I met Tarah and her family on the first mission trip I took to Uganda. We stayed I in the same guest house. It is fun that I seem to bump into her nearly every trip I take here. She’s from the Midwest and they have three children. They’ve been living here for three years now. Her husband, Wayne is the director of technology for Watoto. It is such a treat for me to speak to someone of my culture about trying to fit in and do work here. We can encourage and support one another.
After a delicious lunch where we enjoyed Auntie Julie’s chicken stew and white rice Phiona and I sat down with skeins of yarn and crochet hooks. We didn’t announce anything to the children about an activity. But within minutes we were crowded with curious faces watching intently. Desire pressed hard against my legs to see closely what I was doing. He has a burning curiosity and fierce determination. It’s no wonder he’s both one of the brightest students, and most mischievous of the children. Phiona and I taught whoever wished to learn this craft. We decided to get them to make squares and then we’ll assemble the squares and make a blanket. She wanted it perfect, but I said, “the more mistakes there are in it, the better it will be. This is a learning project and that makes it precious.”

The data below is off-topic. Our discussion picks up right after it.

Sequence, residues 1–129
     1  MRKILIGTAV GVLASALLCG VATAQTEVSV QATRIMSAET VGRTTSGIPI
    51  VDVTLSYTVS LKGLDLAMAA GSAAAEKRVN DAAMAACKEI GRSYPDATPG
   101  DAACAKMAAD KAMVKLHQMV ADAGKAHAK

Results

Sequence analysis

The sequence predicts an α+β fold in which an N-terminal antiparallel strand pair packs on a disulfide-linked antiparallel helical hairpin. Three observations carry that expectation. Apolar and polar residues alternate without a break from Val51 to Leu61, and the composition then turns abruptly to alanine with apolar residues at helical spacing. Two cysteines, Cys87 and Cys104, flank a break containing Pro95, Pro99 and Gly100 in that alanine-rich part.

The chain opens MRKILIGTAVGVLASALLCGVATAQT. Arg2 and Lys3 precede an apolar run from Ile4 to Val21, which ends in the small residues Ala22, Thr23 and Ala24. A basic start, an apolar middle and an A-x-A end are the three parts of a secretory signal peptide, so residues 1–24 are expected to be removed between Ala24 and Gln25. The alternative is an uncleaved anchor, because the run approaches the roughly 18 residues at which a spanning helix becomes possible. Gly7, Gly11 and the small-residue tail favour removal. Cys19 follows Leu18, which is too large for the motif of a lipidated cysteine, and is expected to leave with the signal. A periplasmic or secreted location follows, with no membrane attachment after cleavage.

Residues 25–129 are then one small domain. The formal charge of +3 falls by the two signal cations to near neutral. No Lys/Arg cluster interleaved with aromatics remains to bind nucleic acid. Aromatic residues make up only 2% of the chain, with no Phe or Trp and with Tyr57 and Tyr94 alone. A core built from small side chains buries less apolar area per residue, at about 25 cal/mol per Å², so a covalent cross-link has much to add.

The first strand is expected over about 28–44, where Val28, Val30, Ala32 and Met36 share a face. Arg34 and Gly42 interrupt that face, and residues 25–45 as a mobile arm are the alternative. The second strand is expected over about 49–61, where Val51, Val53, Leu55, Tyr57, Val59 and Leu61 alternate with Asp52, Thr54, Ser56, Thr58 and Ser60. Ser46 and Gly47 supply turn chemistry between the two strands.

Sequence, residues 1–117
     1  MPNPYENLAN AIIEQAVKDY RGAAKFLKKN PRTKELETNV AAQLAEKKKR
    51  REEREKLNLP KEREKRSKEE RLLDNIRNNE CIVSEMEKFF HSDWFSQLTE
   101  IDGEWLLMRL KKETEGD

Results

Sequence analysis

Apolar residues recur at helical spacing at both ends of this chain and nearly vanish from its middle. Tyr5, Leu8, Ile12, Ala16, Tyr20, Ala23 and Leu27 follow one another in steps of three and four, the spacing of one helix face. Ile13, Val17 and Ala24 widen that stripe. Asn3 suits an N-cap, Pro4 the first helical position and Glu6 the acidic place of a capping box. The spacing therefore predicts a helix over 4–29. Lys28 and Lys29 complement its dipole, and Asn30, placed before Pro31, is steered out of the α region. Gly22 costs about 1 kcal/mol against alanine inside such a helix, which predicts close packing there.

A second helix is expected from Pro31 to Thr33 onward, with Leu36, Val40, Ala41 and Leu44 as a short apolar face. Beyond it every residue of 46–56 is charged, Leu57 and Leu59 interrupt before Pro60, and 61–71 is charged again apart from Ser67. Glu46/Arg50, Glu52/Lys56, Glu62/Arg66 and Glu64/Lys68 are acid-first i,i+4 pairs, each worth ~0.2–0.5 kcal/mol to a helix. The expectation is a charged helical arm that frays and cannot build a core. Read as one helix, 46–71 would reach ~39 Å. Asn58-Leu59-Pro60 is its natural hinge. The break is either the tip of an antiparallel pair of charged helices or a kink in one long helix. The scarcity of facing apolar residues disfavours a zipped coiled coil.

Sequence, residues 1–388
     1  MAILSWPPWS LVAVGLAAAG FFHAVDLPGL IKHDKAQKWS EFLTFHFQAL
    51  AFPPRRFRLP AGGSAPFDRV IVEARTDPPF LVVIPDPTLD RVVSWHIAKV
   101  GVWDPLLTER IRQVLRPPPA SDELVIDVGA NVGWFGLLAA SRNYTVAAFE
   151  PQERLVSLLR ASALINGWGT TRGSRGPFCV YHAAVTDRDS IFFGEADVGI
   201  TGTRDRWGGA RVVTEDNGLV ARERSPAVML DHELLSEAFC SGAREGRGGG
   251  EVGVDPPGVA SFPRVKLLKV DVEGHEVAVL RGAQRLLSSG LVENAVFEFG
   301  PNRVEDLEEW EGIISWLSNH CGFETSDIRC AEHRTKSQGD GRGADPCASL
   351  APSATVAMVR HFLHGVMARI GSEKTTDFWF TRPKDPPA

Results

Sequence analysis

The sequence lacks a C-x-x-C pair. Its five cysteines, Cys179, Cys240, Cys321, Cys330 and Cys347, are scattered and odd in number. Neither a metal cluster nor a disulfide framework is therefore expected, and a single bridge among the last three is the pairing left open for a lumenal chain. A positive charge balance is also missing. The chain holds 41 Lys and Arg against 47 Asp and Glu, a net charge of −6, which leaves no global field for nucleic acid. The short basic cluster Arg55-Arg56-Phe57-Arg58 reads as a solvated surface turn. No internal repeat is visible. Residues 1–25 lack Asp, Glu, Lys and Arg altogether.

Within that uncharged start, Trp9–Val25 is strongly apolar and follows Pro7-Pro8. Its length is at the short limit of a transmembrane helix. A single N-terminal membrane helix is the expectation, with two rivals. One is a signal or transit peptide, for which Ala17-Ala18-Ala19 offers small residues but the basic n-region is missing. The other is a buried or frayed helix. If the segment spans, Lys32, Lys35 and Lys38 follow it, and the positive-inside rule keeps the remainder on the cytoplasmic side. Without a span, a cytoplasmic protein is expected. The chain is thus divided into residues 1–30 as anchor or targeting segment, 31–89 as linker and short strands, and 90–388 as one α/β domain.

Robert walked through the room and he was quietly horrified to see the boys doing ladies work. I assured him it is ok they won’t convert. It is good for their minds and hand eye coordination to learn to do this. I stated that all of my boys learned to knit. Once all of the crochet hooks had been passed over to eager hands I taught Phiona to knit. She was thrilled! She was so quick to pick it up and loved it very much. Occasionally she would frown and say, “Oh I spoiled it some how”, but she carried on with the task.